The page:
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Author Topic: Securing wallet for e-commerce use  (Read 302 times)
giorgiofr
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November 05, 2013, 02:08:35 PM
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Suppose I want to run a service on a webserver that not only receives but also sends out BTC, like a gambling or an exchange site.
Now suppose I do not trust any external service for sending out transactions, because e.g. recent events make me feel strongly against relying on third parties.
How would I go about running by bitcoind securely on my own server(s) without fear of being compromised? All I can think of is separating bitcoind from the webserver and run all transaction orders via a locked down gateway, probably with some kind of queue system, but this just makes attack surface smaller and does not really solve the problem. Something like webserver <--> order DB <--> bitcoind, with the order db only listening to the one port it needs and requiring encryption + authentication. But I'm not really satisfied with this design.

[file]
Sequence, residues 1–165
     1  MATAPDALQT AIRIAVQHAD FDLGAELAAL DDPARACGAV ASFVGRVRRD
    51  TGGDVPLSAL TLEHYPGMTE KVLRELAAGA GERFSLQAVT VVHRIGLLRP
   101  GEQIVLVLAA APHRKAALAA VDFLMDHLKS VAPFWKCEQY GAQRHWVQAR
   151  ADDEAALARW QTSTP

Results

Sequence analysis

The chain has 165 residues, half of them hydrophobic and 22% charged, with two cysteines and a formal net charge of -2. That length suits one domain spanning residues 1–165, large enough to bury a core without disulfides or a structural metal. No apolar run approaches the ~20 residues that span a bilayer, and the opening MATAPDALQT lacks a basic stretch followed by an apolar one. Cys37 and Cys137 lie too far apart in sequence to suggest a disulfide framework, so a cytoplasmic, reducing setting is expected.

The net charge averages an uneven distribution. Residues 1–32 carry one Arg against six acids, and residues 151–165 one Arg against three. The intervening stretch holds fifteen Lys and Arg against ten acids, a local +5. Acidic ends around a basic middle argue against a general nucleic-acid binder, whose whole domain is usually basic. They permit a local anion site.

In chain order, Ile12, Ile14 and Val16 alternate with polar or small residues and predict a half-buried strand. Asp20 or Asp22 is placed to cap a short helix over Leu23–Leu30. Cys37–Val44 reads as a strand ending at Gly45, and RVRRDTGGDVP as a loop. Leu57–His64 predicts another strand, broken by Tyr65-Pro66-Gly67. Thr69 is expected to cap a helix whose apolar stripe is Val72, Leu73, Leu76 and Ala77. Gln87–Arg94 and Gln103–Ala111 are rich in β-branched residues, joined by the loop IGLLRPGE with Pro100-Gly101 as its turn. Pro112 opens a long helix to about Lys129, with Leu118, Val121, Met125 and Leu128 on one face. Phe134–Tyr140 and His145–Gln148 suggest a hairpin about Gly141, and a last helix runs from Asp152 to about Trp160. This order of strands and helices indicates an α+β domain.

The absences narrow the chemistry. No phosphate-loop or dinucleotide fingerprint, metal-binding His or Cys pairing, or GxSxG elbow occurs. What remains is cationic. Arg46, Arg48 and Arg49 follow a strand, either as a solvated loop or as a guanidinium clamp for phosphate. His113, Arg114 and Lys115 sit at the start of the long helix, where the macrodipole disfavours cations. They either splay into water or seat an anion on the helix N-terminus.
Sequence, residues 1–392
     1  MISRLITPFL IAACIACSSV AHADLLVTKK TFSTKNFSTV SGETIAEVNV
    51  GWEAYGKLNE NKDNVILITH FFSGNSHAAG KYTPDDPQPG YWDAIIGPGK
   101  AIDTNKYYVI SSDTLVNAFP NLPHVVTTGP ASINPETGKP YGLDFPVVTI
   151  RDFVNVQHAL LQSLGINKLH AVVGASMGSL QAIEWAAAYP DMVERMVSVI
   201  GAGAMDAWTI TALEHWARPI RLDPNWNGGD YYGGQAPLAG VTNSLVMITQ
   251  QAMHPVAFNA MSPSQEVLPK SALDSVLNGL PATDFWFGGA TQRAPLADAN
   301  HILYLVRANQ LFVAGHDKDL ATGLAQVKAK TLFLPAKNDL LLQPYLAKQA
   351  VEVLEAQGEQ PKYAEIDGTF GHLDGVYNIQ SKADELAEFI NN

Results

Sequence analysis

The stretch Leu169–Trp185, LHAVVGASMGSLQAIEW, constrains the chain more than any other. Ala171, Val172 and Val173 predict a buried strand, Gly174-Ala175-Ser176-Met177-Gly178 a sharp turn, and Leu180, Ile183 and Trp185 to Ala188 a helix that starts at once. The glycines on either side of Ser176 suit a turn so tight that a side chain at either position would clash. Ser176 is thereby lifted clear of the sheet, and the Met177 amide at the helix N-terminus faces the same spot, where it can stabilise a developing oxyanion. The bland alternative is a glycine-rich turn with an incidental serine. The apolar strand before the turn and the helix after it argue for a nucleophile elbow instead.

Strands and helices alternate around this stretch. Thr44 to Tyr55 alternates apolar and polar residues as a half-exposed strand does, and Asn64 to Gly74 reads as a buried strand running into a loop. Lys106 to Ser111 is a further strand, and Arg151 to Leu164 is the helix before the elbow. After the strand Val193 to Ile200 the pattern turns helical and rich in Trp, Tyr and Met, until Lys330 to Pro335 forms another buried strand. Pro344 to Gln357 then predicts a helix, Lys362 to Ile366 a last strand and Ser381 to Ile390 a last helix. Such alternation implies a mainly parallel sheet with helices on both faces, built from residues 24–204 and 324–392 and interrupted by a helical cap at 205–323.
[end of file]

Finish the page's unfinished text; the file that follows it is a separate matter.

What are the best practices for this?

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November 05, 2013, 02:13:21 PM
 #2

A "hot wallet" (i.e. one running on a server connected to the internet) is always going to be problematic.

Depending upon your needs you'd be better of having coins put into "cold storage" and signing transactions *offline* although that may not be suitable due to delays (especially if you process the *offline* transactions manually).

Typically sites like exchanges use a combination of "hot" and "cold" wallets to provide for quick response but with added security (better to only lose say 10% of the BTC due to a hacker than 100%).

With CIYAM anyone can create 100% generated C++ web applications in literally minutes.

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